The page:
We hate to tell you this, but right now, the answer is no. Before we dive into what can’t be written off, let’s address the self-employed people (including myself) reading this piece.
If you’re self-employed
“Nothing has changed, nothing has been announced,” says Jennifer Gorman, the social care manager at Intuit, who answers tax-related questions on the company’s social media channels. (She’s also a tax expert with 30 years’ experience.)
If you’re self-employed, continue with your regular tax processes until you hear otherwise from the Canada Revenue Agency (CRA).
If you’re a salaried employee with a T2200—or you want to ask for it
If you’re a salaried employee, you’ve probably heard about the T2200. It’s the form your employer fills out that tells the CRA what aspects of your job are mandatory and for which you have incurred expenses when you work from home, says Gorman. Salespersons who travel a lot with their own personal vehicles are generally provided with the T2200; but who else qualifies?
“I’m a good example of a T2200,” she explains. “I’ve always worked from home for this company, so every year they send me a copy of the T2200 that says I was required to use the internet because I work from home. I only get to claim the work-from-home expenses.” Not sure if you have access to a T2200 or if you would even qualify? Ask your employer and/or your HR department.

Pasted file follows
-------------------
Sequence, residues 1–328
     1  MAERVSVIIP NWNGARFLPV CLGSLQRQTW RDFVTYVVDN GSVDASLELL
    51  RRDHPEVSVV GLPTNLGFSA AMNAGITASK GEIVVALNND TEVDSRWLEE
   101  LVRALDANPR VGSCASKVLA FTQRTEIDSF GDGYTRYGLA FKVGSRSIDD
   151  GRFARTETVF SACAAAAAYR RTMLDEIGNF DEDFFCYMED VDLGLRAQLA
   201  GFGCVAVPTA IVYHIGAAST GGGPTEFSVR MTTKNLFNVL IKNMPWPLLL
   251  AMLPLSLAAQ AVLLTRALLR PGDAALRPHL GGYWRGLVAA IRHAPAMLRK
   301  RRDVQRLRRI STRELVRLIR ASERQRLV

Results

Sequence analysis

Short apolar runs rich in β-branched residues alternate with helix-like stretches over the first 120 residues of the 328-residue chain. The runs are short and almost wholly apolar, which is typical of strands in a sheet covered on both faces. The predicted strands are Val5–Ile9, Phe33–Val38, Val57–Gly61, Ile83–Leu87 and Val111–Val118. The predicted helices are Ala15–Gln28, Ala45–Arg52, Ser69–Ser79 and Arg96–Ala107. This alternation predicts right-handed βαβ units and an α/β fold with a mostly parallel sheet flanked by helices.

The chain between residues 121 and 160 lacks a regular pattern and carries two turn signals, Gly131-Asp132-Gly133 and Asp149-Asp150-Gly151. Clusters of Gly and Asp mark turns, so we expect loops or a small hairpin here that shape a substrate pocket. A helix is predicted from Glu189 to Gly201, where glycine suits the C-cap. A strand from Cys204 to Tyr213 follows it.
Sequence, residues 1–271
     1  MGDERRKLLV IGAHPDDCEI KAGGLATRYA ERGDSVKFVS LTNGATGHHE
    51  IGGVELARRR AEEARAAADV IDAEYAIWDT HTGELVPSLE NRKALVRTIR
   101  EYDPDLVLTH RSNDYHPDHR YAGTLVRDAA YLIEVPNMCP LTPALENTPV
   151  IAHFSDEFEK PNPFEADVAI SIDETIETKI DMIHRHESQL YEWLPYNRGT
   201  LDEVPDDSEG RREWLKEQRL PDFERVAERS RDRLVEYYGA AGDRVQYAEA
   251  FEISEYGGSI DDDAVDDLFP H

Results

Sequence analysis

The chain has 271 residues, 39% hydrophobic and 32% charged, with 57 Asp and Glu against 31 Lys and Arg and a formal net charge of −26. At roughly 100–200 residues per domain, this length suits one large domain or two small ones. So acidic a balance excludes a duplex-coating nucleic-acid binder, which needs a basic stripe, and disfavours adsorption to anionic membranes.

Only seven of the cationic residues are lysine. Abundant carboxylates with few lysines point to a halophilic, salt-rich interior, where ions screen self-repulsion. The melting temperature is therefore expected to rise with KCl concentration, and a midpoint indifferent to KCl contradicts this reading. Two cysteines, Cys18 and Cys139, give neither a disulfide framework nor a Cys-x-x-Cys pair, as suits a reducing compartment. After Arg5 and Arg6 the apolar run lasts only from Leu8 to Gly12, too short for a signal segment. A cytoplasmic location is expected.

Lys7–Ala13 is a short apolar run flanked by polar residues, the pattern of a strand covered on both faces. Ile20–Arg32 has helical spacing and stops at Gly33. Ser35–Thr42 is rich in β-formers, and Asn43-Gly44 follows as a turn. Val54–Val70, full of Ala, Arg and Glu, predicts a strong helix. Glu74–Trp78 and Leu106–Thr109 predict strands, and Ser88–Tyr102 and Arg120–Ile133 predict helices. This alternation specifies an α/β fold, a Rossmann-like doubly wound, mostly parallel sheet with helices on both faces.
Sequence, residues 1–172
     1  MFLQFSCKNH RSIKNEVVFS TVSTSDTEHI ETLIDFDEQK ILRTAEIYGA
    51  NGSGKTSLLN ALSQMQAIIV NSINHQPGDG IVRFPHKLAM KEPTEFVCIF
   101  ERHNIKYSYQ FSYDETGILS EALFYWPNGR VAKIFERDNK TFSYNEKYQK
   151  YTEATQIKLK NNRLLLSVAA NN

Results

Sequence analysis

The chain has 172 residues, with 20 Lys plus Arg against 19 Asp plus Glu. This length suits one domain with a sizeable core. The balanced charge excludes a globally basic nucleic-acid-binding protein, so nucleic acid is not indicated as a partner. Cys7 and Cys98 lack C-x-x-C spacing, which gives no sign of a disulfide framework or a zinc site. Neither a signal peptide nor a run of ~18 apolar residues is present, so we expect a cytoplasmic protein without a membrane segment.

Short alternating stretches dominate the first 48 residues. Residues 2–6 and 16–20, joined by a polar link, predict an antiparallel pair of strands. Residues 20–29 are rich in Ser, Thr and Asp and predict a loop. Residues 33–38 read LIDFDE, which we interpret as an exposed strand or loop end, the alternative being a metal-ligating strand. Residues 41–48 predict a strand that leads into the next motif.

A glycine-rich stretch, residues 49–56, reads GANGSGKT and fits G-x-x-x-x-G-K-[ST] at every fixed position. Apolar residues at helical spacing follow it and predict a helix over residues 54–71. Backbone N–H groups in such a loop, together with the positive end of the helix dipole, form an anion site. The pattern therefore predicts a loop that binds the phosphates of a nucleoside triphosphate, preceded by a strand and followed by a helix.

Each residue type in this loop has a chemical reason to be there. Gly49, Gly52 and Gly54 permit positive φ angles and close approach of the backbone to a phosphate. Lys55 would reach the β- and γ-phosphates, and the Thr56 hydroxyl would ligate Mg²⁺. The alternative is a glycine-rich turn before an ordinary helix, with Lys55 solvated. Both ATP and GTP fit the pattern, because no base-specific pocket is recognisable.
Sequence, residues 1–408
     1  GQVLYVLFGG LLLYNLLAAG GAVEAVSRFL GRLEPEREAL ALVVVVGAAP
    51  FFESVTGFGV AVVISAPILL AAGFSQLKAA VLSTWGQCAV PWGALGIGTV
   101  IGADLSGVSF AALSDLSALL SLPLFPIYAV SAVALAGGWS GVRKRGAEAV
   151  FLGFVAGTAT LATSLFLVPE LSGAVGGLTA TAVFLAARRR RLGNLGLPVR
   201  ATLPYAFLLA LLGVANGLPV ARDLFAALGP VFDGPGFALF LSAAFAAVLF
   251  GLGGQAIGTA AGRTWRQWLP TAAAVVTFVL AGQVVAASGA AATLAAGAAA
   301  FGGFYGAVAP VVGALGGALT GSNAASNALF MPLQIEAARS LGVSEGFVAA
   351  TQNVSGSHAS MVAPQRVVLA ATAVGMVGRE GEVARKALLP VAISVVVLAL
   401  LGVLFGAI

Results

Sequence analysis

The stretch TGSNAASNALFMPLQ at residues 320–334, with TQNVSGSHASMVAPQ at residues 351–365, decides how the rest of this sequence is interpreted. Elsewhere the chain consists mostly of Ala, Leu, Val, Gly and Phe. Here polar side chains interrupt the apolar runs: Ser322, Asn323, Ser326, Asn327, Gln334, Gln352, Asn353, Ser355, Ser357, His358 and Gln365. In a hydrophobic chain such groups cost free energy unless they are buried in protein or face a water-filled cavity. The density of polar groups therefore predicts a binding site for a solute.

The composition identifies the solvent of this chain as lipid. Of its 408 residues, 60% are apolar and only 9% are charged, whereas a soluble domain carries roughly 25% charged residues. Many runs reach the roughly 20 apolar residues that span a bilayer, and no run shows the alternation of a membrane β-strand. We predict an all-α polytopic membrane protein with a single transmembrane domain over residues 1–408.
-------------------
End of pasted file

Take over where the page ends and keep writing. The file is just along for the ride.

COVID-related claims for your home office
Let’s look at what expenses may or may not be deducted on your 2020 income taxes, whether you have a T2200 or not.
Sorry, no. That fabulous Canadian-made mask that shows your love of the Raptors, or your “commitment to sparkle motion” is not deductible—unless you’re working in a field that requires it, says Gorman. If your T2200 permits it, you’re good to go. For the rest of us, until the CRA says otherwise, it’s a no.
Home office furniture
No. Office chairs, a new desk or a new monitor for your computer are considered capital expenses that cannot be automatically deducted by employees. However, according to the Government of Canada, you can deduct the cost of supplies you’ve paid for if you meet all of the following criteria: